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What is Hypochondroplasia?

By Steve R.
Updated Mar 03, 2024
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Hypochondroplasia is a condition that causes a person to develop short limbs as well as short hands and feet. A person with the condition is characterized by having a short physique. Typically, a male adult with the condition ranges in height from 4 feet 6 inches (about 1.37 m) to 5 feet 5 inches (about 1.65 m). A female adult with the disorder typically ranges from 4 feet 2 inches (about 1.27 m) to 4 feet 11 inches (about 1.5 m) in height. Generally, a person with hypochondroplasia is also noted for other traits, including an oversized head, partial range of movement at the elbows, and bowed legs.

One in 15,000 to 40,000 live births result in hypochondroplasia. The condition can be unnoticed at birth, as weight and length are often normal and the discrepancy in limb-to-trunk ratio is not pronounced. As a child becomes older, the condition becomes more evident – it typically is diagnosed between the ages of two and six.

Hypochondroplasia, a genetic disorder, is a form of dwarfism and is caused when there is a problem with cartilage forming into bones in certain areas of the body. The condition is the result of a mutation or alteration in the fibroblast growth factor receptor 3 (FGFR3) gene. No cure for the condition exists.

A person afflicted with hypochondroplasia often will have normal intelligence; but in 10 percent of cases, a child is born with mild mental retardation or grows to have learning disabilities. One who is living with the genetic defect is prone to neurological disorders, including sluggishness and abnormal reflexes due to pressure on the spinal canal. Also, a person with the condition is apt to suffer from other health problems, including sleep apnea and middle ear infections.

Hypochondroplasia can be treated through surgery. Surgical methods include lengthening the limbs by attaching rods to elongated bones in the legs and arms. After about 18 to 24 months, the tension on the rods increases the size of the body. This procedure, an elective surgery, can raise a person's height by a foot, but can also lead to infections and nerve problems.

A person with hypochondroplasia who has an offspring with a partner who does not have the genetic disorder has a 50-percent chance of bearing a child with the condition. While it is common for a person with hypochondroplasia to not suffer from learning disorders or mental retardation, the individual will have to deal with being short in size and may have trouble with activities such as driving. Support groups, including the Little People of America, Inc., exist to help individuals afflicted with the genetic condition. Such groups can offer personal support and provide information on medical issues, employment, and disability rights.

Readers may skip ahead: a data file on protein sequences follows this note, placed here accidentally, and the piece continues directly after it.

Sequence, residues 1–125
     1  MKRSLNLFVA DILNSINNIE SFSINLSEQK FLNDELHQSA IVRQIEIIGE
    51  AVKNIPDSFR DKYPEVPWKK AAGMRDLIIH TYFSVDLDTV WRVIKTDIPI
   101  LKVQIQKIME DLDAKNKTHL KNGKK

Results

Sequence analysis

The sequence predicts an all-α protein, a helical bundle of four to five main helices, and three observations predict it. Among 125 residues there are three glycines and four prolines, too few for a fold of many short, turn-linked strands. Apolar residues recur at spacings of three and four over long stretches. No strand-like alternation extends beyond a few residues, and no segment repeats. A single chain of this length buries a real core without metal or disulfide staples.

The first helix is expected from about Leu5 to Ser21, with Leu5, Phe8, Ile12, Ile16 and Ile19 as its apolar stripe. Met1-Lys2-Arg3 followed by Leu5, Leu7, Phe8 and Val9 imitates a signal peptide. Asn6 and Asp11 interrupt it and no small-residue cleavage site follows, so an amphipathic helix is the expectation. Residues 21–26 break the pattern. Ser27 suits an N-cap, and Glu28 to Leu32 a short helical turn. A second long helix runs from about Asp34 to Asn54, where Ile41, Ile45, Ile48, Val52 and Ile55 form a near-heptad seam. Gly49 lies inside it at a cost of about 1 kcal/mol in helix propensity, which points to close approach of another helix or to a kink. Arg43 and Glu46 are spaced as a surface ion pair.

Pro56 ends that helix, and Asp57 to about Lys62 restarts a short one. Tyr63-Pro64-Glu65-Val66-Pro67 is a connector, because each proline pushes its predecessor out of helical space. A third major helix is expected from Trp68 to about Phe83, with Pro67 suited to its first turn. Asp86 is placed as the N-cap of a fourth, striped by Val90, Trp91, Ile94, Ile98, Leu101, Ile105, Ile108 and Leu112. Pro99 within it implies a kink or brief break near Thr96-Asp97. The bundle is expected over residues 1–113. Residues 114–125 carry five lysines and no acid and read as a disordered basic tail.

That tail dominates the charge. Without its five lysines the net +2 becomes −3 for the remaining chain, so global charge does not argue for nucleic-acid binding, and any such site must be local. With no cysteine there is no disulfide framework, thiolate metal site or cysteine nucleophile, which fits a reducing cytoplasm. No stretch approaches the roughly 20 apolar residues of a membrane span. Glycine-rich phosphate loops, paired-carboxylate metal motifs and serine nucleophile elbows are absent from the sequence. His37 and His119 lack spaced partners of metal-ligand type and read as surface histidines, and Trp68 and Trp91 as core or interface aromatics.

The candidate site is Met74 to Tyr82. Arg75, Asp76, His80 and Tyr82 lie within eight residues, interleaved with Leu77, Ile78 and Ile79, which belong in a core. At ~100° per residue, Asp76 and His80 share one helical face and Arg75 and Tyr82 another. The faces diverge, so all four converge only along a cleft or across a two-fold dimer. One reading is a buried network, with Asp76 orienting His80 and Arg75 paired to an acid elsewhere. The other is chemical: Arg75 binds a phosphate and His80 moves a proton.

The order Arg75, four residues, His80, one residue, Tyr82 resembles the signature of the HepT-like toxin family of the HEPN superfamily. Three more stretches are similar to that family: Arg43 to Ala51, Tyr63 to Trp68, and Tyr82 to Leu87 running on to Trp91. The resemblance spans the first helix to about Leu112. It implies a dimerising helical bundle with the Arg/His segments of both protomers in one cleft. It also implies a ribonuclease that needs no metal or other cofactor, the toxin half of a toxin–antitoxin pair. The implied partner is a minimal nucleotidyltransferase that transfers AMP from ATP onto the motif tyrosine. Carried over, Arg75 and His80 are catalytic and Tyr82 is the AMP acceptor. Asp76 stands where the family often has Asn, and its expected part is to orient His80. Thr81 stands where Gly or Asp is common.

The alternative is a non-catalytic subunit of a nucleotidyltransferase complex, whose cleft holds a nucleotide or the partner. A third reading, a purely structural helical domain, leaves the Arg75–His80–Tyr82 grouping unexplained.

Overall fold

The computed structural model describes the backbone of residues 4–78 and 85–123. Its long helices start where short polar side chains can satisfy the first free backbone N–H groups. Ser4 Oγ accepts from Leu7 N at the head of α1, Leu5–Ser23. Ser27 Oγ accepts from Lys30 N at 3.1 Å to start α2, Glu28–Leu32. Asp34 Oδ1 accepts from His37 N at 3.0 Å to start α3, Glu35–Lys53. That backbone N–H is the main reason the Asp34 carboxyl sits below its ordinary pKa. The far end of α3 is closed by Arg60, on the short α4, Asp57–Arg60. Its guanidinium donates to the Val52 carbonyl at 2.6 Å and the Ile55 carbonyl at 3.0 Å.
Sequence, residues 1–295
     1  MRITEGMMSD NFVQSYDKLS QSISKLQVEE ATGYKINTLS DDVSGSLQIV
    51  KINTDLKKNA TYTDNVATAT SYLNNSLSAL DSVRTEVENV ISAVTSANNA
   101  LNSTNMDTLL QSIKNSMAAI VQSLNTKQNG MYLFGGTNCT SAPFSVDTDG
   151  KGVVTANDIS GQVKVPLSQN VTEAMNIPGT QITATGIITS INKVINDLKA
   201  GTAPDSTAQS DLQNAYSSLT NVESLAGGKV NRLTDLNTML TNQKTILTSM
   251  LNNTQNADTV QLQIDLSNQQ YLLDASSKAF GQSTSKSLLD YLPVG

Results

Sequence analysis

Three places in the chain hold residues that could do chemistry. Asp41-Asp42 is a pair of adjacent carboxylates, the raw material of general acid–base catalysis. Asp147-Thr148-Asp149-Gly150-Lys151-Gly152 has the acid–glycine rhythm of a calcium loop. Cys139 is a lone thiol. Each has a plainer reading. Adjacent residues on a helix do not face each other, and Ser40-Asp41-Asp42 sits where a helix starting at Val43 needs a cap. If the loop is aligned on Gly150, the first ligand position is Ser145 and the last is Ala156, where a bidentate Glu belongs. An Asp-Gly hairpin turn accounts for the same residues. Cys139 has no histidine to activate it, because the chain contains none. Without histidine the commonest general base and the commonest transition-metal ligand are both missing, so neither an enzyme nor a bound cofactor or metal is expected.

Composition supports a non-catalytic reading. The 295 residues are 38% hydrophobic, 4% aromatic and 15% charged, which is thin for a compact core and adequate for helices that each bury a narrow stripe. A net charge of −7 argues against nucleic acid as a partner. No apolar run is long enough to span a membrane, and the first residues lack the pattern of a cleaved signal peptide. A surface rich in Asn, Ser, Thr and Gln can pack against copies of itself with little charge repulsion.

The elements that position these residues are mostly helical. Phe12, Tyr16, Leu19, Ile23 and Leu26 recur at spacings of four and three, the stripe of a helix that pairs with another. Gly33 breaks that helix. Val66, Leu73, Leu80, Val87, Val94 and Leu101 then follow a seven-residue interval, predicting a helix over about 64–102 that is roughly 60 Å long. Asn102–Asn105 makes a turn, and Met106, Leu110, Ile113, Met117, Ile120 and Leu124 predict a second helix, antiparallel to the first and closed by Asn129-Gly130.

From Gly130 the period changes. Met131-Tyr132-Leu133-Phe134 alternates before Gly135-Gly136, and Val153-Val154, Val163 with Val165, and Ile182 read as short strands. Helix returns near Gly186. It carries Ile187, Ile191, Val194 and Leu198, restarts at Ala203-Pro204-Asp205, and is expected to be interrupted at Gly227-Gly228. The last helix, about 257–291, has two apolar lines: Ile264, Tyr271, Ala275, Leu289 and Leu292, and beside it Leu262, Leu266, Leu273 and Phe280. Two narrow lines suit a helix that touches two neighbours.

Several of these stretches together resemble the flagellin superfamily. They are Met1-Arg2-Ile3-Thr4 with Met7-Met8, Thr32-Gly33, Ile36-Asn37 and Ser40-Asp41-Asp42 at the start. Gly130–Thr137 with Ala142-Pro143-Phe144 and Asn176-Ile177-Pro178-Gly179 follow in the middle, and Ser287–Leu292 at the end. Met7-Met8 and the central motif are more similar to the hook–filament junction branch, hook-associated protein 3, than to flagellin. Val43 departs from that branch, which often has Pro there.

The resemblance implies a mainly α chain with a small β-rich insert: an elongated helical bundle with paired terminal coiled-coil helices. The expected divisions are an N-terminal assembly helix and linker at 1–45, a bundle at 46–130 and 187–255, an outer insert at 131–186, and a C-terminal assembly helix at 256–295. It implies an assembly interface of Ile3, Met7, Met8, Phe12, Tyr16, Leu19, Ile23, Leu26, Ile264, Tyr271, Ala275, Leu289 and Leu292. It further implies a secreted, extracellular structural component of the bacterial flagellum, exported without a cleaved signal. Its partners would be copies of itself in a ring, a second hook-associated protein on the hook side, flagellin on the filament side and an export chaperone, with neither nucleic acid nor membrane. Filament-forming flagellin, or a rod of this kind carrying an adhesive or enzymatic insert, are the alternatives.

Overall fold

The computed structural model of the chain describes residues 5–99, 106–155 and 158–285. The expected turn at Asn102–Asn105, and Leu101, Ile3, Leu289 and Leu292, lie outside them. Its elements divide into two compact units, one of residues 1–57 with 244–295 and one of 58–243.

The Health Board is dedicated to providing accurate and trustworthy information. We carefully select reputable sources and employ a rigorous fact-checking process to maintain the highest standards. To learn more about our commitment to accuracy, read our editorial process.
Discussion Comments
By anon239601 — On Jan 10, 2012

My nephew is seven years old. For the past year his hand and fingers have been showing bone disabilities, his fingers are bent and bones are becoming abnormal in joints. Also his legs bend like a bow and has pain when he walks.

When he was born, he was very normal and healthy. It started when he started growing.

By Deece58 — On May 18, 2011

can learning disabilities go hand in hand with hypochondroplasia?

By anon177440 — On May 18, 2011

my nephew (18 months old) is showing signs of having learning disabilities or at least a very short attention span. he often rocks from side to side when lying on his back, and his speech is really slow. (as yet he hasn't said anything, just sounds).

when he was born it was suggested in hospital that he may need a cranial shunt fitting.

I am so confused, and want to be able to do all i can to help the little fellow. Any advice will be welcomed. --Denise

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